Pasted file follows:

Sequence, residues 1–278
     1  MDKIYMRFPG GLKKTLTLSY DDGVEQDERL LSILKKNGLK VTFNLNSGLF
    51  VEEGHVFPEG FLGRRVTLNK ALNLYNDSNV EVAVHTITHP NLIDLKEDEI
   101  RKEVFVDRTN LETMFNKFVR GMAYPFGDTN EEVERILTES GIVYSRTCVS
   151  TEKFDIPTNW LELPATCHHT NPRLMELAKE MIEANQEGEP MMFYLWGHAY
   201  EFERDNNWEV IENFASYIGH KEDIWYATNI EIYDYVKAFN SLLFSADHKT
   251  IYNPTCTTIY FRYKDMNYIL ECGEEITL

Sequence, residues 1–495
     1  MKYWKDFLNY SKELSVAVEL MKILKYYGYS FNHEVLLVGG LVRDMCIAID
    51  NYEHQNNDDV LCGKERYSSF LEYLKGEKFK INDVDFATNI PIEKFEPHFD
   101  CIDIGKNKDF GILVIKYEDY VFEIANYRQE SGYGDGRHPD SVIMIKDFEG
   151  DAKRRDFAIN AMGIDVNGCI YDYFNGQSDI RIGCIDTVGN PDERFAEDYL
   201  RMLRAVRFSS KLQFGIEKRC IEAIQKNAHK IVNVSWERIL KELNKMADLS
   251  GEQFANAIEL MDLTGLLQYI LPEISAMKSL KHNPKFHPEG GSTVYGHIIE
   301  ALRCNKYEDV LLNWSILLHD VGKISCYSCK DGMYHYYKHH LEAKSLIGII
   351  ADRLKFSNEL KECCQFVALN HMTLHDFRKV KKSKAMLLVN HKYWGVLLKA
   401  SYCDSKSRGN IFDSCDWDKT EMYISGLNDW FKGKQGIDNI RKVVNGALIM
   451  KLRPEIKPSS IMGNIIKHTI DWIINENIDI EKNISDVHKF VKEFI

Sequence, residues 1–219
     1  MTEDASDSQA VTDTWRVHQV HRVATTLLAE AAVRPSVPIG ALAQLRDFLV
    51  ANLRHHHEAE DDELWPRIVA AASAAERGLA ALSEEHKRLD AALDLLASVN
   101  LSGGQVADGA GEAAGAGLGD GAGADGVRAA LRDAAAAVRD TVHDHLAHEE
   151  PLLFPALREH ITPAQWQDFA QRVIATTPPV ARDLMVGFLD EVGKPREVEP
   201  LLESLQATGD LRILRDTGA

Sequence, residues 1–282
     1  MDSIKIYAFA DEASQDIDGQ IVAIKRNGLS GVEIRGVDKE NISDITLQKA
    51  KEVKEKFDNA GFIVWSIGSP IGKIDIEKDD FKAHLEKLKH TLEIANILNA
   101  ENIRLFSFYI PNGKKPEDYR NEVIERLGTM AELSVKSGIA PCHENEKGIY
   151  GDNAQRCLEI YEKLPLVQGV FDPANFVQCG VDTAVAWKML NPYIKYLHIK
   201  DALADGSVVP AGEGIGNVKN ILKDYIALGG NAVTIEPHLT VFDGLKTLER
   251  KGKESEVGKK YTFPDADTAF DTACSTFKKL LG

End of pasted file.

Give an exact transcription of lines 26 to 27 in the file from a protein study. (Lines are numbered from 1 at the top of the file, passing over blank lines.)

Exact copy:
     1  MDSIKIYAFA DEASQDIDGQ IVAIKRNGLS GVEIRGVDKE NISDITLQKA
    51  KEVKEKFDNA GFIVWSIGSP IGKIDIEKDD FKAHLEKLKH TLEIANILNA